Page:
Fax led Tracey to meet man saved by grandparents

GRATITUDE: Tracey and husband Bernard Yardley flank Lucia and Bill Pulgram

A SALFORD woman has met a man saved by her grandparents during the Second World War.

In April, Tracey Yardley's uncle, Neville Marks, received a fax from Bill Pulgram, who claimed he had been searching for her family for more than 50 years.

Bill had attempted to flee Vienna to America, but had left it too late to obtain a visa.

Instead, he was sponsored by Tracey's grandparents, Sadie and Morris Marks, to emigrate to Manchester on an apprentice visa to escape the Holocaust.

In Manchester, he was employed as a tailor apprentice by Perfection Outfitters.

"I hadn't been told anything about Bill living with my family while I was growing up," said Tracey, of Broughton Park.

"The first I heard of his existence was when Neville sent a copy of the fax to my father, who forwarded it to me.

"I was intrigued about his life story and noticed that he lived in Atlanta."

By coincidence, Tracey was heading to Atlanta to see her son, Saul, at his third Camp America.

But Bill was due to travel to North Carolina for a family reunion the day after Tracey arrived in Atlanta.

"We got off an eight-hour flight, collected a hire car and drove to his apartment," she said.

"I was excited to meet him, but wanted him to lead the discussion.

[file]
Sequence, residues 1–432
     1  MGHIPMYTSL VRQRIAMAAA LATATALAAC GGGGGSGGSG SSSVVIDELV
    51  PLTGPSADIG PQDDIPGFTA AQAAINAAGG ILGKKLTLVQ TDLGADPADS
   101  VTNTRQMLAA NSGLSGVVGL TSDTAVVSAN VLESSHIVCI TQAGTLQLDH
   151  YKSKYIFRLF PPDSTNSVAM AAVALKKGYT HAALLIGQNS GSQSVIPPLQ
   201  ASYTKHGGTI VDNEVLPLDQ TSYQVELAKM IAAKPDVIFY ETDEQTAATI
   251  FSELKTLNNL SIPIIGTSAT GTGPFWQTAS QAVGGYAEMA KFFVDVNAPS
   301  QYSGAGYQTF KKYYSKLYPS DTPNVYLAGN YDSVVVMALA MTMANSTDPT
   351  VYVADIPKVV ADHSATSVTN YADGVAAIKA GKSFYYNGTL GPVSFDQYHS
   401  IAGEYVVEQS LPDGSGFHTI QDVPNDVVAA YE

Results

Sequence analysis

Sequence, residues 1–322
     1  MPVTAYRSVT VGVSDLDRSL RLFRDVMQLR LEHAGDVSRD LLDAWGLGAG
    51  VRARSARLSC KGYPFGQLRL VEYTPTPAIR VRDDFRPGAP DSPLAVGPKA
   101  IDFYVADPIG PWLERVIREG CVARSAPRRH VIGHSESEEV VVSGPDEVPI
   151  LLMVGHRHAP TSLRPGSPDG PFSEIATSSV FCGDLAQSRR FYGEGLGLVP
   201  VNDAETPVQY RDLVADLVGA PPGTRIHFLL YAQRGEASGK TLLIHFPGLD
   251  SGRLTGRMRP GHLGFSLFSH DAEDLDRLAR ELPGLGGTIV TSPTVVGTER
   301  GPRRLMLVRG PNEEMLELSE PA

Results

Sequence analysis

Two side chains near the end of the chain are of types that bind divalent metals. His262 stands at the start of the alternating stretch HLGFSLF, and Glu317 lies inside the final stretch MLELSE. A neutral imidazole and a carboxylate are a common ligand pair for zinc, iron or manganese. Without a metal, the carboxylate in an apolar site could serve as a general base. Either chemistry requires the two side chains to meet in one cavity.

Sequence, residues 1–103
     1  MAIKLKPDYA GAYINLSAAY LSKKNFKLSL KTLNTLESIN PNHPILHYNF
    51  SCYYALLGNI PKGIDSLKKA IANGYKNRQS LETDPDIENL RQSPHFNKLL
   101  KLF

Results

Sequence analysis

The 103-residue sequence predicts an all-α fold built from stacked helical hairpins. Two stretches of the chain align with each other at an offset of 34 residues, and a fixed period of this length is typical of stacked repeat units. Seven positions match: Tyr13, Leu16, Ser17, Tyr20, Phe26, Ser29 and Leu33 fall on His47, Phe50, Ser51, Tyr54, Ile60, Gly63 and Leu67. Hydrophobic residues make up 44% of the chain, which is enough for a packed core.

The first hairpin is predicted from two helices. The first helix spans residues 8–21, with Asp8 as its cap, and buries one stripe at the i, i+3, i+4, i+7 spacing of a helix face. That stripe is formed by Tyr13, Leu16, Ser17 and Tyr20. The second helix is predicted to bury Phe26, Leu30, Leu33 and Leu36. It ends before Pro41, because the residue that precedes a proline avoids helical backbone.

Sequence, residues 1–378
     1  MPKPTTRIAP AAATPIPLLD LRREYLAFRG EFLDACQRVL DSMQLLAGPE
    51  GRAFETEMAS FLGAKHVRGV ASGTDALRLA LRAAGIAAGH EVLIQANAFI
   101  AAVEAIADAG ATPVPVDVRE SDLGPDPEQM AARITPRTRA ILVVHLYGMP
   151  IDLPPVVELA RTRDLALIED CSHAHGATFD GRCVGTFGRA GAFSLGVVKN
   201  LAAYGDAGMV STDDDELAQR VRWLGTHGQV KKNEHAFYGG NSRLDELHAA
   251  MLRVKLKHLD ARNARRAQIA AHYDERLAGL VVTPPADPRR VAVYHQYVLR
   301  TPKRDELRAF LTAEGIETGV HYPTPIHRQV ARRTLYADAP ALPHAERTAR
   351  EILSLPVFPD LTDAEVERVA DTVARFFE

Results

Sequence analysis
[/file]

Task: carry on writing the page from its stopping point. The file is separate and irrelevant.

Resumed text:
"He had printed off the photos I had emailed him before our visit and wanted to discuss in detail who everyone was.

"He remembered my father (Eric Marks) as a two-year-old and my uncle Neville being born.

"His wife told us that she was eternally grateful to my grandparents for allowing Bill to stay with them for 18 months.

"It was an incredibly emotional meeting and I wished my grandparents had still been alive to meet him."

Also in attendance was Bill's son, Christopher, and they connected with his other son, Anthony, via Facebook.

Before receiving a tour of the local area, Tracey and her husband, Bernard, were treated to dinner by 94-year-old Bill and his wife Lucia, 99, at a kosher restaurant.

"When we left he hoped we would come again as he said that he was near the end of his life," Tracey added.

Bill, a former architect, lost his sister and parents at Auschwitz.

Tracey added: "Bill married out due to his apathy for the religion given what had happened to the rest of his family."

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